One of the most popular and timeless sports, in today’s sports crazed society, is horse racing, a highly competitive game that brings in countless amounts in betting profits and generates millions of spectators to its annual, worldwide events.
This sport was very famous in Ancient Greece, Ancient Egypt, Babylon, and Syria and today, the most renowned type of horse racing is the thoroughbred race that is widespread in Britain as the Sport of Kings. Like every other sport, horse racing has a set of ground rules concerning its duration, entry numbers, betting systems, and the players involved. We summarise the critical rules below, for all those who need a deeper understanding of this beautiful game.
The first rule looks at post time, known as the post to many experts. This simply refers to the specific time a horse race is supposed to begin. During this post time, all horses and jockeys arrive at the starting gate, ready for the bell to ring and the race to commence. The gate is also where all bets are placed, this is because all bets are off once the horses are off.
Post Positions and Entry Numbers
During events, the names of the runners for each race are replaced with numbers. This makes the identification of competitors more manageable and saves both the bettor and ticket writer time during the bet placing stage, saving everyone inevitable confusion. The numbers given to horses most often correspond to their post position; thus, you must be sure of your favorite horse’s number before you place your wager.
Post positions are simple, they refer to the position in which each competitor will begin the race in. These are randomly selected by picking a horses name and then the position, this prevents any competitors getting an unfair or favourable position, as many want to be on the outside rail where the horse has more space.
Number of Allowed Entries
Typically, in a thoroughbred race there are 15 runners, but this is not a definite rule, with more prestigious events being more popular than smaller races. The number of competitors in each run varies from race to race, depending on track size and whether it is a jump, flat or handicap race.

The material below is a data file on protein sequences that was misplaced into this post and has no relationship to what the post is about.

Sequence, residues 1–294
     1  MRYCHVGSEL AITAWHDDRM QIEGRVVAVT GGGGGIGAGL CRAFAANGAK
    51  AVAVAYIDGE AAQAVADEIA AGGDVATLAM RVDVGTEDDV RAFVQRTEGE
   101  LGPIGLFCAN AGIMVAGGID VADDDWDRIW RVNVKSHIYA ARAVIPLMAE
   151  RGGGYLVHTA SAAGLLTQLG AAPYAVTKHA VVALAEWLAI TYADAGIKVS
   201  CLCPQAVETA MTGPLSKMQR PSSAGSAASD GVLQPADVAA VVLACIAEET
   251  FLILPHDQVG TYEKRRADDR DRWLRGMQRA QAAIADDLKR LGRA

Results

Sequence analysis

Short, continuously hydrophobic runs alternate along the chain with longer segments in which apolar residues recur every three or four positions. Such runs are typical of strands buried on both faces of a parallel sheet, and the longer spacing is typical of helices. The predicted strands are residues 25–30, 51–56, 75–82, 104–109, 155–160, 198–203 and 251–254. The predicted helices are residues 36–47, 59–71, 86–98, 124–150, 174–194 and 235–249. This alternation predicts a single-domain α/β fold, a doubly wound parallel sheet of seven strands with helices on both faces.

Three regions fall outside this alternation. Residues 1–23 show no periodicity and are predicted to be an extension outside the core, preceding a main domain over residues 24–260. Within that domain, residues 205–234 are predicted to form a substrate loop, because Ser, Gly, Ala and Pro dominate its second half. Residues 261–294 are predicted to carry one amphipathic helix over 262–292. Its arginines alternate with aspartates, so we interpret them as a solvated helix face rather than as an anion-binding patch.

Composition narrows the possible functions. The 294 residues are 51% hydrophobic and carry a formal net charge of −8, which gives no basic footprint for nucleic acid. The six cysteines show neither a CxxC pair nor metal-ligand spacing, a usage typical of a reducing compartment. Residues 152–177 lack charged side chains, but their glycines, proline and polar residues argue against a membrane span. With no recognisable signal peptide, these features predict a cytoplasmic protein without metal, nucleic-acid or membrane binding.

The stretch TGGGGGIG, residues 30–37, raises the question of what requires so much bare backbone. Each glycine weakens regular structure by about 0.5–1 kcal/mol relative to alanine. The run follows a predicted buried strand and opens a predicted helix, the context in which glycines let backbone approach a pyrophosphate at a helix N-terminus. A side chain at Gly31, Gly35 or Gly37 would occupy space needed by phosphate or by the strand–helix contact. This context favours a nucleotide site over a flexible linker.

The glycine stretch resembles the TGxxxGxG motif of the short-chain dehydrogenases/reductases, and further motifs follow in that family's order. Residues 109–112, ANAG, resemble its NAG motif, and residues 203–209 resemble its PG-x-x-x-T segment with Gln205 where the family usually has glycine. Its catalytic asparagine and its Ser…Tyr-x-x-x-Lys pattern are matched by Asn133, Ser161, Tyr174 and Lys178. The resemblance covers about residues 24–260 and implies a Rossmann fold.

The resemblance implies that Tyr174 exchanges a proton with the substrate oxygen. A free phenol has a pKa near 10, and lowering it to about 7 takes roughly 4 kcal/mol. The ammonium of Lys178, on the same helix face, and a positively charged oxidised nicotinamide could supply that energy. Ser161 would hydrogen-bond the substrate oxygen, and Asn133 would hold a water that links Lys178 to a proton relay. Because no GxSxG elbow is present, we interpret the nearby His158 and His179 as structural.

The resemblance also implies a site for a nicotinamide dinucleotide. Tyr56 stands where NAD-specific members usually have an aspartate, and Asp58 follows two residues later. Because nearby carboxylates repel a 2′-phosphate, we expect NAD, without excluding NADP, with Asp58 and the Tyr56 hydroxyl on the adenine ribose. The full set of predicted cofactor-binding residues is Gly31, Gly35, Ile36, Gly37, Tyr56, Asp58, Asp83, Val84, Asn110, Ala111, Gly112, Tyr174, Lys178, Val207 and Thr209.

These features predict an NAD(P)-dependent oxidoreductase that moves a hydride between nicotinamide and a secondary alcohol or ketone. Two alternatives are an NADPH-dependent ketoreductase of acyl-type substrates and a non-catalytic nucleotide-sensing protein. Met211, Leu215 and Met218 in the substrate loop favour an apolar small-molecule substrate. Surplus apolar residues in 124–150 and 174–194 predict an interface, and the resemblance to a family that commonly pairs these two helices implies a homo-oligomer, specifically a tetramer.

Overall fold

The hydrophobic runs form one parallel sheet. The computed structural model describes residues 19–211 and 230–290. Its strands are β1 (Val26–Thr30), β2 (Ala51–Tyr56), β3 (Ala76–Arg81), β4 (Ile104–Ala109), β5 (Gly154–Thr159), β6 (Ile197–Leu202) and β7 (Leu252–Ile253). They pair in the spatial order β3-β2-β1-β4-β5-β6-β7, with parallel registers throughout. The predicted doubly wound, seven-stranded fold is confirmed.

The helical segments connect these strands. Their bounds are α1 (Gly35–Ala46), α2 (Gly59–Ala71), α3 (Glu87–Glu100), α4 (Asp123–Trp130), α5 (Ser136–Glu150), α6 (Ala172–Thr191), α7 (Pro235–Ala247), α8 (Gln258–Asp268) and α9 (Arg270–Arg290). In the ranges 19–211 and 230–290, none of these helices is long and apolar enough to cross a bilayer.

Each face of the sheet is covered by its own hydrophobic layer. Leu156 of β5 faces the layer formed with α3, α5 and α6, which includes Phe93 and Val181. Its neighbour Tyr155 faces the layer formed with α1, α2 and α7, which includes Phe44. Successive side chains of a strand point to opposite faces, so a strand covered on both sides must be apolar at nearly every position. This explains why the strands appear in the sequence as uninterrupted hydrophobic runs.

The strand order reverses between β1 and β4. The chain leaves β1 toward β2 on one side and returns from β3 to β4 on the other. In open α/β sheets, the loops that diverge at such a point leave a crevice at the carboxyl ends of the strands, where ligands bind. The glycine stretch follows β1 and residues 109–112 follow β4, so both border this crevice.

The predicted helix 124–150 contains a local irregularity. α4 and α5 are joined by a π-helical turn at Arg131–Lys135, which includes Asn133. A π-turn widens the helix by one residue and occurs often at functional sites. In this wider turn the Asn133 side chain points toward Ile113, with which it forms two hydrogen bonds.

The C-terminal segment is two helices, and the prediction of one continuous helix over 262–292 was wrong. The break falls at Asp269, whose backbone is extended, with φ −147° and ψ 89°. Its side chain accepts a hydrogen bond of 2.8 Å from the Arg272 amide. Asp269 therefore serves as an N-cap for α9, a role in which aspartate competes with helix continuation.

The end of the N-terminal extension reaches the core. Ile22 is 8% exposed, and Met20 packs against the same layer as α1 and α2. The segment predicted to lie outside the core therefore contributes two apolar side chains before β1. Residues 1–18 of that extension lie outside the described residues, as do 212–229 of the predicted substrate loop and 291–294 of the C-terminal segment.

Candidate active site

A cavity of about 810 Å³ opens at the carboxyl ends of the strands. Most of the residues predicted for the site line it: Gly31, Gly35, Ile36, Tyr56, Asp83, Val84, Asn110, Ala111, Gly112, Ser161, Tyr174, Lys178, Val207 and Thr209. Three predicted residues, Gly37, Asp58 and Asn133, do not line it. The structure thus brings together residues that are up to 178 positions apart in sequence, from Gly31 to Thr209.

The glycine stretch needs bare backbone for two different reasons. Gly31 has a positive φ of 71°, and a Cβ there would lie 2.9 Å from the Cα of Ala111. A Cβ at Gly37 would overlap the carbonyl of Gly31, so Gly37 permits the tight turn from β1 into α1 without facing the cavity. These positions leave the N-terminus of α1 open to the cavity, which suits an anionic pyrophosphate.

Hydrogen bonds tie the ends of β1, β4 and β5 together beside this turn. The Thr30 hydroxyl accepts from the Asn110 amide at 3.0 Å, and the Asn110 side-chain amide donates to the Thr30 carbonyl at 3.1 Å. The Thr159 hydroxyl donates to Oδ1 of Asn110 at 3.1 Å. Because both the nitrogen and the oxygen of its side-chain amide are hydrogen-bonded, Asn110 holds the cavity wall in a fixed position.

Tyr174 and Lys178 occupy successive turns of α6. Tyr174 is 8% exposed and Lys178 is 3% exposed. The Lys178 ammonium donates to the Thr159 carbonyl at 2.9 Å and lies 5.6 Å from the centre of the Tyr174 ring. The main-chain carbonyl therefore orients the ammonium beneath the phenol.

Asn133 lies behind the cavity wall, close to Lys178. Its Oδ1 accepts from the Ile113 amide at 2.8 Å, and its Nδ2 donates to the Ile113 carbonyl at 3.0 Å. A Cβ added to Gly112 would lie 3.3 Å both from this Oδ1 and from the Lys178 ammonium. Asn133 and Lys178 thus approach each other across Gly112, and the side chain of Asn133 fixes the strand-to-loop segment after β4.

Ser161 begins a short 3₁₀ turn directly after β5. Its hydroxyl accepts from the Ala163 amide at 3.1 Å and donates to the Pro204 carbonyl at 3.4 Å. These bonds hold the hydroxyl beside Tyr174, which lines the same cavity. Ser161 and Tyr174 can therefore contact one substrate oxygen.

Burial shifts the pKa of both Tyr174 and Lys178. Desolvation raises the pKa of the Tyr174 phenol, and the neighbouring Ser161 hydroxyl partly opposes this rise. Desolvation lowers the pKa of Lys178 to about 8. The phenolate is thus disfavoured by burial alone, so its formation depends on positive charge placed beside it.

There is, however, a fixed rule on how many horses must be in a race for a bet to take place. A race must have at least two runners at the start for bets to be accepted and if none of them reach the finish, the bets are void.
It is not uncommon for owners to enter more than one of their horses into a single race, especially when the purse is large, to maximize their chances of success and this is well within the rules. In regards to betting, when multiple horses are owned by one group, they are categorized as a sole interest because they don’t break from the rail. For such horses, you get both horses, when you bet on only one of them. Such entries are done because it would be unfair to an owner to be only able to bet on one horse when he has two in the same race.
Bet by Race Number
Each horse race is identified by number, whether you’re phoning in a bet, wagering online, or talking to a teller. For example, at Churchill Downs, the Kentucky Derby is the 11th race, of a total of 13. When placing a bet on this race, you will need to indicate the race number for easy identification and when wagering, you need to show which track you want to bet on in addition to the race and horse number.
Be sure to pay attention to all these numbers, doing your due diligence to ensure the best results.
Scratched – When Listed Horses Don’t Race
There are reasons why a horse may be exempted from a specific horse race. Some of these reasons may include health and reasons the trainer may choose not to disclose. If you have placed a wager on a horse that ends up being ‘scratched’, you, and all others who placed the best, will receive a refund, a wager shift and a consolation pay-out. But, you only receive the wager shift and a consolation pay-out if your bet was multi-race.
‘Rule 4’ was created for this scenario and is when a deduction is placed on all runners in the market to make betting more fair. This is because if you placed a 2/1 bet on the favorite to win and he is scratched, the next best horse, now favorite, may have 5/1 odds, which isn’t a fair price and so is adapted to fit the circumstance.
Starting Flag – A starting flag is used to start a race when it is not possible to use stalls, such as if there are too many runners or equipment fails. The flag is raised to signal the jockeys to mount the starting rostrum and begin walking forward; the flag is then lowered by the started to initiate the race has now begun. A flag or gate should be used to start all hurdle races, steeplechases, and jump races.
False Start – This will be declared if the racers feel a horse broke away too early. This does not generally include a penalty for the runner, they are just placed back to the starting gate, but it is not unheard of for a horse to be disqualified for doing so.
A Jockey’s Conduct – All jockeys are to conduct themselves in the right and safest manner, following all prescribed courses designed. They are also prohibited from betting, or collecting any profits on bets, on the races they run in, including not being present in the betting ring during racing meetings, unless authorised to do so for good reason.
Completing A Race – Crossing the finish line is the only determinant of completing a race.
Winnings – The prize money in a competition is distributed between the first, second, and third winners.